Sunday Focus: Locals remember push for integration in Natchez

Published 12:01 am Sunday, July 6, 2014

That realization was driven home the next month when someone firebombed a building used by workers with the Council of Federated Organizations, the coalition umbrella under which SNCC, SCLC and the National Association for the Advancement of Colored People did much of their Civil Rights work.

“When I heard it had been bombed, I ran down there concerned because a lot of people had given information and it was in there,” Williams said. “As I was standing there, a fireman pulled the hose under me and I fell and hurt myself, I couldn’t feed myself for a month.”

In July 1964, Rayford Batieste wasn’t a part of the planning or implementation of the Freedom Summer movement. He attended a few meetings, but if Williams was a foot soldier, Batieste — who was 37 at the time — was the cavalry. He wasn’t armed, but he provided transportation.

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“When the places got bombed — wherever they were participating — I would go pick them up in my car and take them back,” he said.

George Metcalfe was president of the Natchez NAACP and had his car bombed. Metcalfe survived the bombing. (Submitted photo)

George Metcalfe was president of the Natchez NAACP and had his car bombed. Metcalfe survived the bombing. (Submitted photo)

Many of the COFO freedom workers were from the North and were accustomed to integration, and would come into the area to “soften up” the community so the local NAACP could step in and take up action as necessary, Batieste said.

Helping the COFO activists move to and from the community wasn’t an act of bravery, Batieste said, but was motivated by a desire to be of service to them.

“I thought it was something that had to be done, and nobody else was willing to do it,” he said. “It was so fearful back during that time, but I guess I was too naive to be scared.”

As the summer heat cooled down and the fall of 1964 blew into Natchez, desegregation efforts — and retaliation against them ramped up.

The Freedom Summer movement didn’t start and certainly didn’t bookend the Civil Rights effort in Natchez, but as desegregation and voting rights efforts picked up over the next year, it gave a boost to the overall support network in the area, Natchez Association for the Preservation of Afro-American Culture Museum Director Darrell White said.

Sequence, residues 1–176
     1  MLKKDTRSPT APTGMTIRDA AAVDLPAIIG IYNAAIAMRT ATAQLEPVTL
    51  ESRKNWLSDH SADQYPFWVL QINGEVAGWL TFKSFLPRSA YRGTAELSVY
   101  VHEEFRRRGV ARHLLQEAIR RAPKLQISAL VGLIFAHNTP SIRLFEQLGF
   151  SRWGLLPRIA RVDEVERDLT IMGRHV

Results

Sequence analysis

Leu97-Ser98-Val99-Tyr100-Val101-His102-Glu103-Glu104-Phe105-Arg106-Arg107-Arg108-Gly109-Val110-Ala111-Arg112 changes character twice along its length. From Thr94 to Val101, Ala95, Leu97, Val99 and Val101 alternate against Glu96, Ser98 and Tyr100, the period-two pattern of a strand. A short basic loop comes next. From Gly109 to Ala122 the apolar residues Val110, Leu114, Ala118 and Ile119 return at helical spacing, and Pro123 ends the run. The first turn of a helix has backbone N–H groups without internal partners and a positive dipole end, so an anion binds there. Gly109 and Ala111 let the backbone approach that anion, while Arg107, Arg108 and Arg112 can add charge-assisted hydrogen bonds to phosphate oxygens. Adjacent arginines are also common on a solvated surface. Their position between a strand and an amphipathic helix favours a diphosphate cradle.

“COFO, SNCC, they were all in here at some point, however, it didn’t really become effective until Charles Evers came in and was working along with the establishment of the black community, the preachers and the business folk,” White said.

“Before then, not much had happened to them to bring the overall campaign or mission home, and the random acts of violence had become so commonplace that they were no longer considered newsworthy.

“But it was the firebombings of churches, the firebombings of folks homes, that really brought it to them.”

Being a part of the work that resulted in some of the first firebombings wasn’t without its scary moments, but was worth it to see those who had been disenfranchised given an opportunity to participate in the Republic and hold its leadership accountable, Williams said.

But with 50 years of retrospect on the Freedom Summer, Williams said she wants to get one message across to those who would ask about it — don’t take what it aimed to correct for granted.

“When I saw the turnout for the last election, it was so low, I was so disturbed,” she said.

“The sacrifices that were made and the blood that was shed, the sleepless nights that people had, those who are enjoying the freedoms that we fought and sacrificed for disappoint me because too few people go to the polls and vote. Bill Ware was beaten, Medgar Evers died for this, Wharlest Jackson died for this. George Metcalfe was bombed for this. Ben Chester White was killed. I don’t care who you vote for, but get out there and vote.”